“It is what it is, I’ve got it and that’s it really. I get on with it and live my life as best I can.”
My name is Spike and I’m 42 years old. I’ve been married for 21 years, and I met Nicola, my wife when I was in junior school, we lived in the same village. I enjoy walking my dogs and keeping fit. I love my motorbike, a Yamaha Phazer ... it’s a big one! I used to do a bit of racing. I've got a son and a foster son. We’ve been fostering for about eight years now, we’ve looked after seven children so far and we love it. My mum used to foster, she did it for 25 years and it’s something I’m really passionate about. It’s a bit of a family tradition.
Not really, no, never. I don’t think I’d ever seen any literature or posters anywhere.
I noticed over a few months when I was going to the toilet that the flow kind of slowed down, so I didn’t think it was anything other than just getting older. But over time I noticed what looked like tiny grains of sand in the bottom of the toilet bowl. One night I had a good look at them and they were red, like little clots. Over the course of the next few days my wee got pinker and pinker and then deeper and deeper red. I went to the doctor the next morning and had a couple of tests on my wee, but my doctor told me not to worry. The results came back and the doctor said it was nothing sinister, nothing to worry about, and to get back to normal.
But after a couple of weeks the same thing happened, more little grains in my wee followed by brighter and bright red, so I went back to the doctor. He sent me to the hospital for some more in depth tests. I had an ultrasound scan and the radiographer said I'd hear in the next week if anything was wrong. At 8 o'clock the next morning I had a call from my doctor telling me to come in straight away as he needed to see me. At my appointment he said they had found a mass 16mm in diameter and I would need further tests. I knew something was wrong because when I left he wished me good luck. I thought, ‘Oh no’. I went for a CT scan and a few days later had a cystoscopy followed by a TURBT on New Year's Eve.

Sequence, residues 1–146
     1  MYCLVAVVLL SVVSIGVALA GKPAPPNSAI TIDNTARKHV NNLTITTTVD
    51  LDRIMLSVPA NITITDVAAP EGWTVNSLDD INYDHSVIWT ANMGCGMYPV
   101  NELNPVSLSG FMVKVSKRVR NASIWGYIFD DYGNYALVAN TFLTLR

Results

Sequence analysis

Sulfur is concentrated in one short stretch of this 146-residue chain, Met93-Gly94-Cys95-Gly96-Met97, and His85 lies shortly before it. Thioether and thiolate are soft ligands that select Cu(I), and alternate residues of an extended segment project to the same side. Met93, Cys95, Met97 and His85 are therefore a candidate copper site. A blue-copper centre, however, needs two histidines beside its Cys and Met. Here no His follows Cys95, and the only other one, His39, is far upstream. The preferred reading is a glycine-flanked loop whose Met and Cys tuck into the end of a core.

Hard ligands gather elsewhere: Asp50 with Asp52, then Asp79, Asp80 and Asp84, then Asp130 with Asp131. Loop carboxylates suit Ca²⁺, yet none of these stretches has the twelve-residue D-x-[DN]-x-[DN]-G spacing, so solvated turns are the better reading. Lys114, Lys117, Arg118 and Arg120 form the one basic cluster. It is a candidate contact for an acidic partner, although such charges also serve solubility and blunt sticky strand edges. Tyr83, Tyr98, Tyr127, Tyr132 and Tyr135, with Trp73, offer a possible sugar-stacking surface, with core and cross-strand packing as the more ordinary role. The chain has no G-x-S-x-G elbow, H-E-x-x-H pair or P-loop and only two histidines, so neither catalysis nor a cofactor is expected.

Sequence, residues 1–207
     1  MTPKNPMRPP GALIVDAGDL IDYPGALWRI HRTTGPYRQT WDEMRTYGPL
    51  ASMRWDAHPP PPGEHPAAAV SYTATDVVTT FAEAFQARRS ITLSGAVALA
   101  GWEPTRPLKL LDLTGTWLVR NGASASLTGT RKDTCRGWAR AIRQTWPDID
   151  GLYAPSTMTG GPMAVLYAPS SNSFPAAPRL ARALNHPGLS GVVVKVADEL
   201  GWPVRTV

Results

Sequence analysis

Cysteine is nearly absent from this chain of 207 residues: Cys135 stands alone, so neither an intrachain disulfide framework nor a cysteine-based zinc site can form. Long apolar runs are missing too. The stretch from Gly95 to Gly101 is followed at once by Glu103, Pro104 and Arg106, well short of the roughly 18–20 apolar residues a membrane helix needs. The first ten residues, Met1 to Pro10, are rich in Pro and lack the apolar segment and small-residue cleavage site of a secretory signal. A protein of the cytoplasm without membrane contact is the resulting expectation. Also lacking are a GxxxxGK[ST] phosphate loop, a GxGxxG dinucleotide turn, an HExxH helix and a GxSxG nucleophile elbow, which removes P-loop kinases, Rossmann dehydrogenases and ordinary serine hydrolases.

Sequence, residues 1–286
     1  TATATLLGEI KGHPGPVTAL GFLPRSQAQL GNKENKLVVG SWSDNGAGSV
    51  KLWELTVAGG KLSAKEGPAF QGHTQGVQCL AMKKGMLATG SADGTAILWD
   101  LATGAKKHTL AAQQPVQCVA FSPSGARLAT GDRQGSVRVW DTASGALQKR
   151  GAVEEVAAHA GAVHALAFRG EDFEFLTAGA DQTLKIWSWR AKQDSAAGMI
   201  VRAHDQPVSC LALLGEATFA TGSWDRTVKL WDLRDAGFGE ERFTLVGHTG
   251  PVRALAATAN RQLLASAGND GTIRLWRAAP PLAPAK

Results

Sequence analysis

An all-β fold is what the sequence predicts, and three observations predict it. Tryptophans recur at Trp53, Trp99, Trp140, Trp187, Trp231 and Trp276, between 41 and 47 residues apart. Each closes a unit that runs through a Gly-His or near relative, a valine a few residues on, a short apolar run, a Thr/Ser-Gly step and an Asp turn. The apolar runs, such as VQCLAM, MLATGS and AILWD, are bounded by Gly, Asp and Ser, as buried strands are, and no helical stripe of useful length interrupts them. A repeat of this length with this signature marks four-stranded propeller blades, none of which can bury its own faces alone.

I was told I had Grade 2 bladder cancer which is obviously not terrible but still cancer.
I had the initial mass removed with a TURBT and then a Mitomycin wash. After three months I went back for a follow up cystoscopy and they discovered another cancerous growth. As the tumour was over the opening to my kidney they had to put in a stent. Three months later in another check up they found another tumour which they've also removed. My results came through two weeks later and they found another small tumour. Since then I had a three month check and was delighted it was an all clear, that's my first clear one in 14 months, on all the others it’s come back. That’s a really good feeling.
To be fair it hasn’t really because it hasn’t affected me, apart from the TURBTs which affect me physically. Mentally I’m a lot more positive and I don’t care about the little stuff anymore. I’m just bobbing along with it and hoping it doesn’t progress. I think it’s made me a better person … I’m more tolerant of other people and I don’t care what other people think of me. I do a lot more for other people.
It’s being in this position, I consider myself lucky to have been diagnosed so quickly, as I know that a lot of people aren’t. And that’s possibly because there isn’t enough awareness of bladder cancer, not just with the general public but with the medical profession as well. Too many GPs are quick to write it off as an infection or something else. I was very lucky with my GP. I just want people to know it’s not an old man’s disease, that’s the misconception. The money that gets spent on research of bladder cancer is tiny, it’s laughable.
Definitely. Although, I’ve said before if it beats me it will be the making of me. It is what it is, I’ve got it and that’s it really. I get on with it and live my life as best I can.
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